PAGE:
I guess we’ll see though, but as much as I respect Ron Paul, I think the GOP desperately needs to come up with a new charismatic leader if they want to stand a chance, if not the difference will probably only be more pronounced than the last time, IMHO.

      • 0 avatar
        chuckR

        I think the GOP desperately needs to come up with a new charismatic leader

        No, we need to come up with an adult who understands – and will state and advocate – that we can’t continue spending money we don’t have and that there will be shared pain to set things right. Charisma doesn’t enter into it beyond the ability to sell what most people already know needs to be done.

        Pawlenty might be that adult. We’ll see whether he continues his truth telling campaign.

        stereotypical Alabama good ol’ boys that are sometimes, not least by us Europeans but also seemingly by some republicans mistaken for the ‘real’ Americans

        This New Englander, graduate of one of the most liberal Ivy colleges, will gladly stand with the good ol’ boys on these issues. The sophisticated coastal elites have spent decades screwing things up royally. (Sophisticated of course has the same root as sophistry….)

      • 0 avatar
        Steven02

        Don’t be so sure JJ. Many of them voted out democrats in the last election. It could happen again as well if the economy is not making a noticeable turn around. Many people think that Obama had his chance and blew it big.

      • 0 avatar
        MikeAR

        ChuckR, have you read Angelo Codevilla’s Ruling Class versus Country Class? I think some candidate who embraced the country class, really was a part of it not just pretending, would be a shoo-in in the next election. That candidate would face an assault from the media and her own party but she would win.

      • 0 avatar
        chuckR

        MikeAR

        I haven’t read Codevilla’s book but I’m in agreement with the blurb at Amazon and have added it to the list to read.

        There are a lot of people who are net tax-eaters not tax-producers and it may be that Obama does get his second term. The internet provides a great way to disintermediate the central committees of the two parties and get money to those legislative candidates who are in that country class and will gum up the works should that happen.

      • 0 avatar
        Fencesitter

        Aw, gee, I thought the whole birther thing had been put to rest. Even good ol’ boys from Alabama are real Americans, and they have the long form birth certificates to prove it. I don’t get all these nuts on the left and the right trying to push others out of the body politic. We’ll go when you pry our cold, dead fingers from the lever in the voting booth.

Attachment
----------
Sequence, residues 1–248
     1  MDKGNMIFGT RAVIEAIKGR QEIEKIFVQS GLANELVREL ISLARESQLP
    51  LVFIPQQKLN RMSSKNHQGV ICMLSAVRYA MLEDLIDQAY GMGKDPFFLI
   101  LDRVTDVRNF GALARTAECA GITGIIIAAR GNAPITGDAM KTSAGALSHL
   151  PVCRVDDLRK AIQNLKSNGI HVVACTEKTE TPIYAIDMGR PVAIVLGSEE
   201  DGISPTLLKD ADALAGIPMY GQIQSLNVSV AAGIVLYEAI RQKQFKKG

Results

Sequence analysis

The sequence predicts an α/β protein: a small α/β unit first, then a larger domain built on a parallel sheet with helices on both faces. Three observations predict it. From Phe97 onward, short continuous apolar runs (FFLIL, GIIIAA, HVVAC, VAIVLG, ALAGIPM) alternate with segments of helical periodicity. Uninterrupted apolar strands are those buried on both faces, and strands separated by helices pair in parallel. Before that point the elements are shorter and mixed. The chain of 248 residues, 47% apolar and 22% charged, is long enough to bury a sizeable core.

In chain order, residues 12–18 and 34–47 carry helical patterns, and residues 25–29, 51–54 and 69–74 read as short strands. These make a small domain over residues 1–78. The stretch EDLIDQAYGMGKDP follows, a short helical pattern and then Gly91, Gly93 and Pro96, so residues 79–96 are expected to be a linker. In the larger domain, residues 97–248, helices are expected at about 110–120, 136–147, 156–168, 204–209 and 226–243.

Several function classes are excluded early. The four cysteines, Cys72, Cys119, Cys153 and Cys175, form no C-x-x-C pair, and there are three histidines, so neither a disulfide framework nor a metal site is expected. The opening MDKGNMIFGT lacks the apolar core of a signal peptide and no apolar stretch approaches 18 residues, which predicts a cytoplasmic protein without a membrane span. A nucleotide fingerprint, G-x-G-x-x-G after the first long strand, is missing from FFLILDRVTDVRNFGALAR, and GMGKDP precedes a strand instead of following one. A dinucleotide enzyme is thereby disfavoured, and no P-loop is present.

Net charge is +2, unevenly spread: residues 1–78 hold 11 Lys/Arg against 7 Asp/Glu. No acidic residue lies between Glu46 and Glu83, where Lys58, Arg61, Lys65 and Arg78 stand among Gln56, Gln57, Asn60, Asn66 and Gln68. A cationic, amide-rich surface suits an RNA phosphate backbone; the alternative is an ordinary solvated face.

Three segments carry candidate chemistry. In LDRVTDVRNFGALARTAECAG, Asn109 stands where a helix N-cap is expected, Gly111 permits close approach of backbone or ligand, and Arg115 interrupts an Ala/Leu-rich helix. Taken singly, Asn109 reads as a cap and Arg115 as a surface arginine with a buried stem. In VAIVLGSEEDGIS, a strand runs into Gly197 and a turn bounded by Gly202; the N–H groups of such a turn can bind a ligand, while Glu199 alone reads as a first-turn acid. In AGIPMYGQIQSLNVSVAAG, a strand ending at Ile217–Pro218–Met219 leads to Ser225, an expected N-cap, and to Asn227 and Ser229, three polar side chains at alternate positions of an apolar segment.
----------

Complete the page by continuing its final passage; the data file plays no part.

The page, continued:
• 0 avatar
        charly

        Tax-eaters == country class

        Those who would pay the taxes if the deficit wasn’t giga-enormous == The coast people

      • 0 avatar
        chuckR

        charly

        Two assertions without establishing a basis for either.
        But let’s ignore that and agree that we need to spend less on the tax-eaters, whoever they are. Then we can reduce the size of government – fewer tax-eaters, fewer minders needed.

      • 0 avatar
        MikeAR

        Charly, way to show your anti-flyover country bigotry there. But I expected no less from you. And as usual, you’ve got it completely wrong. The ruling class is composed of tax-eaters, dependent on goverenment for their livelihoods while we of the country class actually work and pay the bills. Learn to think things through before you post.

      • 0 avatar
        charly

        It is common knowledge that during normal times states like California and New York pay more in federal tax than they receive back and that the reverse is true for fly-over states. So no, they re not baseless assertions

      • 0 avatar
        MikeAR

        Charly, read carefully and understand. I said that the so-called ruling class was mostly dependent on government for their livelihoods. Are you with me so far? Now you come up with the net tax paid vs. tax monies received. Get it through your head, that is not what I was talking about. Can you grasp that? I was talking about the ruling class of bureaucrats, public emplyees, educators and staffs. Where do they get their money? Answer, from the government. Now do you understand me? I shouldn’t have had to telll you this if you could read and comprehend.

      • 0 avatar
        charly

        I know it is hard to accept but white rural people are the welfare queens of America. I wouldn’t call them the ruling class but it is true that their votes are more equal than that of the urban population.

      • 0 avatar
        MikeAR

        Charly, reading compresion is critical. Read what I said, don’t assume you know what I said without really reading it. I said that the ruling class is dependent upon the government for their livelihood, agreed? What else did I say? I’ll give you a hunt, I said that they tend to be government employees and employees in industries (health care, education) that are dependent on government money. This is beyond dispute. So they depend on government largesse and spending as much as your poor whites in flyover country.